Coloring Your Own Hair? 14 Common Mistakes to Avoid

Here is an example of single process hair color
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While box color used to a beauty don't, modern dyes are much more sophisticated and can give beautiful results. Follow these tips to avoid common dye mistakes:

Do Not Go More Than Two Shades Away From Your Color

When you go to a salon for a drastic change—like going from black to red or brown to blonde, you typically need a couple visits to get the color right. Sometimes your colorist first has to strip your hair before another visit where she'll add the new color in.

Drastic hair color changes should always be left to the pros or you'll be left with brassy hair, orange hair or hair that's just disappointing.

If you do want to dye your hair yourself, never go more than two shades lighter or darker than your natural hair color. For example, if you have light brown hair, a medium or dark brown shade will look nice, but going black might be too stark.

Do Not Look Just at The Box

Pictures on hair color boxes can be deceiving. Go by the color swatches and the descriptions instead. Most boxes will call out the color (blonde, brown, black and red) and the shade of that color (light, medium and dark). There might also be mention of the tone (golden or ashy).

Don't Do it Alone

Try as you might, it's virtually impossible for you to see the back of your head. Instead, ask a friend or loved one to help you to make sure you don't miss any spots.

Don't Leave it On Too Long

Start the timer as soon as you begin dyeing your hair, rather than waiting until you're done.

Do Not Use the Sink

Kitchen and bathroom sinks don't have enough water pressure to rinse out the hair chemicals completely, which can damage hair. Instead, step into the shower and rinse your hair thoroughly.

Do Not Choose Permanent Color the First Time

Semi-permanent hair color gradually washes out over a period of eight to 10 shampoos, but permanent hair color sticks around until it washes out or you get a colorist to fix it.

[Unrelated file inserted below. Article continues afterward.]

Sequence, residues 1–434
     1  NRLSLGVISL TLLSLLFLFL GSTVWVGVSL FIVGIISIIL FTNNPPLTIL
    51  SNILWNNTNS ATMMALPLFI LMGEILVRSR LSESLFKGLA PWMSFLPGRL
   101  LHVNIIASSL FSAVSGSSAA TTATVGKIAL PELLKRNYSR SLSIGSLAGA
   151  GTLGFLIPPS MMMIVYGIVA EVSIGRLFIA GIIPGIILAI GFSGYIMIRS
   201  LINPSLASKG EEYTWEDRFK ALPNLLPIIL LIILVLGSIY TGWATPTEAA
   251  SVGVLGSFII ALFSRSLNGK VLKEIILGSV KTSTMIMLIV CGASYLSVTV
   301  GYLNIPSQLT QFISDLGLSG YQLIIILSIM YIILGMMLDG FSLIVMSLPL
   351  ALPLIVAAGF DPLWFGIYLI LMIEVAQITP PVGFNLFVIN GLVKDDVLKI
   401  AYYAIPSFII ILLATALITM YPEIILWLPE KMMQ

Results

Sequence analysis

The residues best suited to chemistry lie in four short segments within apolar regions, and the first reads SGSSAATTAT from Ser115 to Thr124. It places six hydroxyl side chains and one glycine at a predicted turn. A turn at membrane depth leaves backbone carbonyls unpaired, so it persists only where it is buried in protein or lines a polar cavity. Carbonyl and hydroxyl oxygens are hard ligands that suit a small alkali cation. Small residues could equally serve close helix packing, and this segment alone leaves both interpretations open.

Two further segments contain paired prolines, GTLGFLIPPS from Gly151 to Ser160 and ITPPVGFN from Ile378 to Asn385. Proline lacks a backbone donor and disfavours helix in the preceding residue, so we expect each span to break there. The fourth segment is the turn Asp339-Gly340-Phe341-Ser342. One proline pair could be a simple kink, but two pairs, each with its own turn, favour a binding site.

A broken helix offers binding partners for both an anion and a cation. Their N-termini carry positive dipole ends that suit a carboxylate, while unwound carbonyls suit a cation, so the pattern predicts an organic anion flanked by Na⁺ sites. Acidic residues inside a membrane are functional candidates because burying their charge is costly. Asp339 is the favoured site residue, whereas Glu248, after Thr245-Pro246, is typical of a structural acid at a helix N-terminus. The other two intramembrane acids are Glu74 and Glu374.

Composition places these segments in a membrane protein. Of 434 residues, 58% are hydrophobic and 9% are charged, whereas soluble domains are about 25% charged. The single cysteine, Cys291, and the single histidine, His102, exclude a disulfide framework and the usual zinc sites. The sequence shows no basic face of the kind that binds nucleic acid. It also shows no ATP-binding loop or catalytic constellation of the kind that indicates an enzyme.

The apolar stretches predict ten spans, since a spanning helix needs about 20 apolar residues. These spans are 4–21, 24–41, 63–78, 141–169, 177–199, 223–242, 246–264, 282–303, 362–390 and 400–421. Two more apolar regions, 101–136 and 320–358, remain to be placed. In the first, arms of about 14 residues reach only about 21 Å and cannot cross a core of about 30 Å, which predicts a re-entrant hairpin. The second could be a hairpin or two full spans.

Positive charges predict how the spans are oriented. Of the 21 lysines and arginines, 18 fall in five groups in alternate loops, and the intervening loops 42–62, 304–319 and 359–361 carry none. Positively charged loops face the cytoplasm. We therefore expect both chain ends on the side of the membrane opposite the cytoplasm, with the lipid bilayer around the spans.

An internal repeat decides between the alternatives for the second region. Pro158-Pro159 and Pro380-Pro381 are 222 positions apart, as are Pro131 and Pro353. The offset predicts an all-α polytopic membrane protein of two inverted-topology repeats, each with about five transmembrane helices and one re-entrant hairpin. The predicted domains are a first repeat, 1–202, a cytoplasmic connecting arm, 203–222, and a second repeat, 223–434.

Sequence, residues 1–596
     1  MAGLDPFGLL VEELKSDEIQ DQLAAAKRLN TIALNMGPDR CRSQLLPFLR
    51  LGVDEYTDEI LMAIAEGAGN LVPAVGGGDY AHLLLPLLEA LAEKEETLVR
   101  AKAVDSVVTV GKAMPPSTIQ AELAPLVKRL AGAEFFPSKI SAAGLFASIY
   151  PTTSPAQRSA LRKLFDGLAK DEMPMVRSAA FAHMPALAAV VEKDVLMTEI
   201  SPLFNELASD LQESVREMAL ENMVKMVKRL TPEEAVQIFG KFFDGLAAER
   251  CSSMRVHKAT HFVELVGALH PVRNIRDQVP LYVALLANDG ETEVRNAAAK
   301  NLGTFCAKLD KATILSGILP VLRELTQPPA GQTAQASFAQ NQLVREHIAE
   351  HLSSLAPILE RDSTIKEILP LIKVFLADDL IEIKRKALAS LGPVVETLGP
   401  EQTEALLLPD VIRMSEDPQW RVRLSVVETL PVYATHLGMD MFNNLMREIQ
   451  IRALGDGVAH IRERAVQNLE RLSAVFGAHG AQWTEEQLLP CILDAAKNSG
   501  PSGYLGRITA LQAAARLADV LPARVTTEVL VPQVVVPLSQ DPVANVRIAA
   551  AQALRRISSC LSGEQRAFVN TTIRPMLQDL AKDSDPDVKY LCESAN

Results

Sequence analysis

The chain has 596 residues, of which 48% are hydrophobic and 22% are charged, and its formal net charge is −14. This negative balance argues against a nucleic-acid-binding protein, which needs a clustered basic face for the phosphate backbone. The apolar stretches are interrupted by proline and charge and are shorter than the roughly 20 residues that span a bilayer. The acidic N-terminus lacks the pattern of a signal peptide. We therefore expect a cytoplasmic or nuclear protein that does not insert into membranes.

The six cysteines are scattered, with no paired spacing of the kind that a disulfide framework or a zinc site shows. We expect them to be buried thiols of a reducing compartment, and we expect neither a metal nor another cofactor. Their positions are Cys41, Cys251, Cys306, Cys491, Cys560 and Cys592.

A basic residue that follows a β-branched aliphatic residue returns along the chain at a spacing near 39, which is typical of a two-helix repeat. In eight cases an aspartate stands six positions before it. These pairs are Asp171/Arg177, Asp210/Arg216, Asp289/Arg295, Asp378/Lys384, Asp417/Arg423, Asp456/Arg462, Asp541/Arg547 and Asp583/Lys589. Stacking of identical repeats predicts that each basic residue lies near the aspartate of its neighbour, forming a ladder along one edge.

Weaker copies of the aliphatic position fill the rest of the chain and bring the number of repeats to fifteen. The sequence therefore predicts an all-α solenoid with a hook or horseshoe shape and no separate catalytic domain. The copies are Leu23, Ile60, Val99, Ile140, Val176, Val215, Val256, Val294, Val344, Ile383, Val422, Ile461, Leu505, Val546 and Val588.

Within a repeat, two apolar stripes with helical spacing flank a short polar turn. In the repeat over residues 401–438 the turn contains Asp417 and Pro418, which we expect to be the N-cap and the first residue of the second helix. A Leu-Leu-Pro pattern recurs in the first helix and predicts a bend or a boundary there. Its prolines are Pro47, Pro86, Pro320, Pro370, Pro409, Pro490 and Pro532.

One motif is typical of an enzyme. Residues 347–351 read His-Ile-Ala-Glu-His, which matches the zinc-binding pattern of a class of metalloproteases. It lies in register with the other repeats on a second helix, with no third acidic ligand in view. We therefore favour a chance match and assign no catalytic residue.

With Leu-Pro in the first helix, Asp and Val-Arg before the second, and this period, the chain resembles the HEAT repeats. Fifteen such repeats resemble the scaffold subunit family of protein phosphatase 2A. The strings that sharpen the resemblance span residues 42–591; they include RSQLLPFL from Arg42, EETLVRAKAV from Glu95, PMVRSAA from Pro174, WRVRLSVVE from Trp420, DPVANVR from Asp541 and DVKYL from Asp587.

If you are going the DIY route, women's hairstyles expert Kendra Aarhus recommends choosing a temporary, semi-permanent, or demi-permanent color.

"It's like the difference between using a sharpie or a pencil on white wall. Sure, you can get the sharpie off, eventually, but the process is much harder than trying to get pencil off," she says in her article, "When to Color Your Hair at Home."

Do Not Skip the Instructions

Box color has been around forever, so they've gotten the directions down. If they didn't, women wouldn't buy again. Just because you've dyed your hair before at home with one brand doesn't mean another brand of hair color stays on the same amount of time.

Always read the directions before proceeding.

Do Not Color Damaged Hair

Super dry or damaged hair is very porous. You run the risk of staining your hair darker than expected if you color hair that is super dry, damaged or has already been chemically processed (think straightening treatments such as the Brazilian or the Japanese or even hair that's already been colored).

You may end up with dark ends and beautiful color only at your crown. If you have processed your hair or have dry hair, seek out the help of a professional for your new color.

Do Not Pick a Color That Competes With Your Skin

Most of us would like to think we are both warm and cool. But when it comes to hair color, it's important to know which one you really are (and it has nothing to do with your fantastic personality).

There are basically two color tones to box color: warm and cool.

Women who have red in their skin and burn easily should stick to cool shades described on the box as "ash," "beige" or "cool brown." Warmer colors will only bring out the redness in your skin.

Women who tan easily and who have yellow skin undertones (most Latinas and African Americans fall into this category) are better off with warm colors described as "warm," "honey," "caramel," "bronze" or "golden." Avoid jet black hair, which will wash you out.

Some women fall somewhere in the middle and can look good in a wide range of warm and cool shades.

Do Not Be Unrealistic

If you look closely at the hair of a child or a woman whose hair you absolutely love, you'll notice there are many shades of color. All-over color from a box is basically a wash of one color. If one-dimensional hair is not what you're after, you might be better off getting highlights at a salon to provide a multi-dimensional effect.

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